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collis

Ἦθος ἀνθρώπῳ δαίμων -> A man's character is his fate
Heraclitus, fr. B 119 Diels

Latin > English (Lewis & Short)

collis: is (abl. reg. colle, e. g. Ov. M. 1, 698; 14, 90; 14, 333; 14, 822; 14, 836; Caes. B. G. 1, 24; 2, 18; Sall. J. 52, 3:
I Aventino, Liv. 1, 3, 9 et saep.; colli, Lucr. 2, 317 and 322; Auct. Aetn. 466; gen. plur. collium, Tac. Agr. 37; Lact. Opif. Dei, 10), m. cel-, root of ex-cello, celsus; cf. calamus, high ground, a hill (opp. mons and campus), Lucr. 5, 1373; Cic. Verr. 2, 3, 18, § 47; Caes. B. G. 2, 8; 7, 19: altus, Ov. M. 15, 306: aperti, Verg. G. 2, 112: aprici, id. E. 9, 49: celsus, id. A. 8, 604: supini, id. G. 3, 555: inter Palatinum Capitolinumque, Liv. 1, 12, 1; cf. id. 5, 54, 3 sq.: Dianae, i.e. Aventinus, Mart. 12, 18, 3.—Poet., = mons: collis Heliconii cultor, Cat. 61, 1.—And in plur.: colles, for a chain of mountains, Sil. 3, 420.—Hence, Ital. collina; Fr. colline.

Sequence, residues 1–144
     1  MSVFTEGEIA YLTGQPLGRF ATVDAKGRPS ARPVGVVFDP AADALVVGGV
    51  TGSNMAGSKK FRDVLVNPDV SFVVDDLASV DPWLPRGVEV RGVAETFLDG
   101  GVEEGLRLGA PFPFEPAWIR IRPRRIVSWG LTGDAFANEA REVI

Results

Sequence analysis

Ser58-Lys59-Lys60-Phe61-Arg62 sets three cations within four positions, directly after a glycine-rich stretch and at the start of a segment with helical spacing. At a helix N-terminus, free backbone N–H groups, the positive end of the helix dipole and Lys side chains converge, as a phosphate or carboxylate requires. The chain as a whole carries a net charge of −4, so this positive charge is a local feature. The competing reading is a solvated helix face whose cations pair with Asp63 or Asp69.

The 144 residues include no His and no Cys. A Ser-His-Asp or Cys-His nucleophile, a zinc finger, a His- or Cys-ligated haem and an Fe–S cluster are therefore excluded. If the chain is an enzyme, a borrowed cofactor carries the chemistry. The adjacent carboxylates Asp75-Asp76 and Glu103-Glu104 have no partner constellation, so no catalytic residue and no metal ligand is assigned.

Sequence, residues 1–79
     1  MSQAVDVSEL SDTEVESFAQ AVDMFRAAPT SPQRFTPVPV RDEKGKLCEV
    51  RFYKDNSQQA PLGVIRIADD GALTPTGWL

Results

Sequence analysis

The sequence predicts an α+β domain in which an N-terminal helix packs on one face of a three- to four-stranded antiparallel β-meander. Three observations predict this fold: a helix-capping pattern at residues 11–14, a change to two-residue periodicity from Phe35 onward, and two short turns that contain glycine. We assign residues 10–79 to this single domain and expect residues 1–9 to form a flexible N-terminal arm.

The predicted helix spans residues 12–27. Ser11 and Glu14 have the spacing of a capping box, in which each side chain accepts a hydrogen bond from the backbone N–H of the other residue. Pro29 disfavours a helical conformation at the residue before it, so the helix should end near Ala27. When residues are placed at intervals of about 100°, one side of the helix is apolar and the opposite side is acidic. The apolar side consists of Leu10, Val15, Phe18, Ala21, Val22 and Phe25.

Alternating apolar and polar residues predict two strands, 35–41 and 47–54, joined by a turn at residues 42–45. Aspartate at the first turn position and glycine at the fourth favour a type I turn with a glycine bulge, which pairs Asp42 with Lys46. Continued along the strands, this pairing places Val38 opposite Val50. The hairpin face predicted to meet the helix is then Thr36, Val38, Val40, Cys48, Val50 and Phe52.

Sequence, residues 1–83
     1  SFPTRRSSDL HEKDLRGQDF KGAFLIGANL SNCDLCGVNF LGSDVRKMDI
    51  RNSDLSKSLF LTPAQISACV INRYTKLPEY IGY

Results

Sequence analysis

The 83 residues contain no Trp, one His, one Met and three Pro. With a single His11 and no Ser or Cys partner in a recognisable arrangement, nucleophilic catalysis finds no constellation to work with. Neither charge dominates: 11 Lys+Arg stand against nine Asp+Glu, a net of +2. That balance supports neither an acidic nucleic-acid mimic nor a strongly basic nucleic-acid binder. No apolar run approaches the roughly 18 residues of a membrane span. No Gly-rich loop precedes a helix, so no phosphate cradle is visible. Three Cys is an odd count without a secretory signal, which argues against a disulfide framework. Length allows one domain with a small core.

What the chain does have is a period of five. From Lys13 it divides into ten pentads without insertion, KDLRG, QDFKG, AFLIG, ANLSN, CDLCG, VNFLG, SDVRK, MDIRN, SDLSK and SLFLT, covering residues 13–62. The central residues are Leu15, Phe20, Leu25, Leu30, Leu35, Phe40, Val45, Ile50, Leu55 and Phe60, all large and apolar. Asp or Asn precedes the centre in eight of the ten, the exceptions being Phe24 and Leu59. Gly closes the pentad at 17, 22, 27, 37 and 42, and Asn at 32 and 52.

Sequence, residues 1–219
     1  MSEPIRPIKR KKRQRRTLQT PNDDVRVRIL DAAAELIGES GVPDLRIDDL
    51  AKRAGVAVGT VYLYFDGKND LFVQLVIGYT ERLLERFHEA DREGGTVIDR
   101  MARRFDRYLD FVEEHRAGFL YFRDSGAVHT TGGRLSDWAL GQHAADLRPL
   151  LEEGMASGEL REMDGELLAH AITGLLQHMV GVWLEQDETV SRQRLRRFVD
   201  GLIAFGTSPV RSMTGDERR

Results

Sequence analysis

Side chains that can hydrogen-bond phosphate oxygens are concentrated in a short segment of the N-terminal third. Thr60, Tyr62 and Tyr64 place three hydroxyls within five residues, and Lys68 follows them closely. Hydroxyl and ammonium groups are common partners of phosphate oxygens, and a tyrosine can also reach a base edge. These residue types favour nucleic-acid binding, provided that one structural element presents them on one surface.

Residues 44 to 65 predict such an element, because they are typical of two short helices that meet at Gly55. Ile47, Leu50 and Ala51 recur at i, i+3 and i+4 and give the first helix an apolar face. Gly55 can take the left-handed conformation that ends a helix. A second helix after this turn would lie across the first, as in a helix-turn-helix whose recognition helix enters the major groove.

Latin > French (Gaffiot)

collis,⁸ is, m. (cf. cello ), colline, coteau : Varro L. 5, 36 ; Cic., Cæs., Liv., etc.; colles viridissimi Cic. Verr. 2, 3, 47, collines des plus verdoyantes || [poét.] montagne : Sil. 3, 420.

Latin > German (Georges)

collis, is, m. (vgl. celsus, excello u. griech. κολώνη, κολωνός, Anhöhe), die Anhöhe, der Hügel (Ggstz. campus), iugum collis, Caes.: c. inops parvusque, Liv.: arduus, Auct. b. Alex., arduus ascensu, Liv.: colles nitidissimi viridissimique, Cic.: c. Capitolinus, Palatinus, Liv.: Quirinalis, Viminalis, s. d.: c. Dianae, der aventinische Hügel (Berg) Mart.: terreni et placide acclives colles, Liv.: colles vitiferi, Rebenhügel, Plin.: colles supini, Verg. u. Vulg.: insbes. die colles Roms, vernacula septem collium plebs, Tert. apol. 35: montani colles, Anhöhen auf dem Gebirge, Plin.: Plur. auch = Gebirge, Sil. 3, 420. Amm. 18, 3, 9: Pyrenaei colles, Amm. 15, 11, 2. – / Abl. Sing. gew. colle, selten collī, wie Lucr. 2, 317 u. 322. Auct. Aetnae 466.

Latin > English

collis collis N M :: hill, hillock, eminence, hill-top; mound; high ground; mountains (pl.) (poetic)